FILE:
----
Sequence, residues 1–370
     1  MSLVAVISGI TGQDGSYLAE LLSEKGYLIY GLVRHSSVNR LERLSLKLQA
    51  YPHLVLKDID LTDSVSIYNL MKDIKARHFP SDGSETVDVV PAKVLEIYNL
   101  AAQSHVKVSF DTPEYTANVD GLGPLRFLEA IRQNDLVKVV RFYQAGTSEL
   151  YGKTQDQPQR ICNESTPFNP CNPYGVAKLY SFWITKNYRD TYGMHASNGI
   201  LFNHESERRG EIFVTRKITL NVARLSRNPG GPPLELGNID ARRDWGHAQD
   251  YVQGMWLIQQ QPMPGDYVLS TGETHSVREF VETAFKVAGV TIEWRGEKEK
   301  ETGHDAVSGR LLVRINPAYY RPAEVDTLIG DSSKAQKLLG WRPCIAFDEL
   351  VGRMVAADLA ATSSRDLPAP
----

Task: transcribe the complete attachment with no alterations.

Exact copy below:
Sequence, residues 1–370
     1  MSLVAVISGI TGQDGSYLAE LLSEKGYLIY GLVRHSSVNR LERLSLKLQA
    51  YPHLVLKDID LTDSVSIYNL MKDIKARHFP SDGSETVDVV PAKVLEIYNL
   101  AAQSHVKVSF DTPEYTANVD GLGPLRFLEA IRQNDLVKVV RFYQAGTSEL
   151  YGKTQDQPQR ICNESTPFNP CNPYGVAKLY SFWITKNYRD TYGMHASNGI
   201  LFNHESERRG EIFVTRKITL NVARLSRNPG GPPLELGNID ARRDWGHAQD
   251  YVQGMWLIQQ QPMPGDYVLS TGETHSVREF VETAFKVAGV TIEWRGEKEK
   301  ETGHDAVSGR LLVRINPAYY RPAEVDTLIG DSSKAQKLLG WRPCIAFDEL
   351  VGRMVAADLA ATSSRDLPAP